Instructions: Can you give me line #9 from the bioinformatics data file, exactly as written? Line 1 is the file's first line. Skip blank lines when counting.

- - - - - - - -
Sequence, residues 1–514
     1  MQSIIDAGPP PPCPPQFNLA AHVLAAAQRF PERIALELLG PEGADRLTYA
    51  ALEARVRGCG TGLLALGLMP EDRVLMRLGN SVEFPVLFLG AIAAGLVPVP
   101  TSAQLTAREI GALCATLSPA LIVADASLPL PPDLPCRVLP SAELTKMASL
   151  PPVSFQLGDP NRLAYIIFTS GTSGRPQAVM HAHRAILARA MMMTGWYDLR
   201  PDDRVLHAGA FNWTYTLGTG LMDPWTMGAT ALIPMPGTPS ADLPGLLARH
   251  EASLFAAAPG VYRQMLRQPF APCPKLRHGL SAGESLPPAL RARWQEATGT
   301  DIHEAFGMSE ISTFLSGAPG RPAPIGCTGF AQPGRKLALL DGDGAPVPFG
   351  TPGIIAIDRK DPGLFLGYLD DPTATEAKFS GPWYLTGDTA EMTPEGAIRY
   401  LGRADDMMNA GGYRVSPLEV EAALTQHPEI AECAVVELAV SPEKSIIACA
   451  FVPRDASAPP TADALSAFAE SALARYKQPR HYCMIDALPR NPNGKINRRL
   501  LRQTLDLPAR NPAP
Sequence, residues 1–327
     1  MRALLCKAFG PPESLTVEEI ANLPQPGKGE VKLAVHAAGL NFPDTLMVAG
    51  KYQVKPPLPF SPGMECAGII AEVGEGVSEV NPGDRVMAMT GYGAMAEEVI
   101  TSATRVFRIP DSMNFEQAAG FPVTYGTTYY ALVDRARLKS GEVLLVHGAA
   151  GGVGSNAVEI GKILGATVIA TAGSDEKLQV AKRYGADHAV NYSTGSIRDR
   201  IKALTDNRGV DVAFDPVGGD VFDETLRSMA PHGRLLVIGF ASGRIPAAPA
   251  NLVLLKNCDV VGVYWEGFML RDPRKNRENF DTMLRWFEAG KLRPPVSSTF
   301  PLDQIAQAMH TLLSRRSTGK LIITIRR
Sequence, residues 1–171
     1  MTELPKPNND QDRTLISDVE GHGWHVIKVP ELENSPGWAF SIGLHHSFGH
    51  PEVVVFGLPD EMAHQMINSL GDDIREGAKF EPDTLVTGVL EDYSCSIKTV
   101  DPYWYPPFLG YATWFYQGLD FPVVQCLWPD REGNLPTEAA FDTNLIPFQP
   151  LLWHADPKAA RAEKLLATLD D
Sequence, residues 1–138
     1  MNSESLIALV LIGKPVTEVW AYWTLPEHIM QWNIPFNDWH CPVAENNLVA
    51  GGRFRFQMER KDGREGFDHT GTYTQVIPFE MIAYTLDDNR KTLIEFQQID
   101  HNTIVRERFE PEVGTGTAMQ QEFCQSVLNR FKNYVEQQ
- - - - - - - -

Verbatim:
   351  TPGIIAIDRK DPGLFLGYLD DPTATEAKFS GPWYLTGDTA EMTPEGAIRY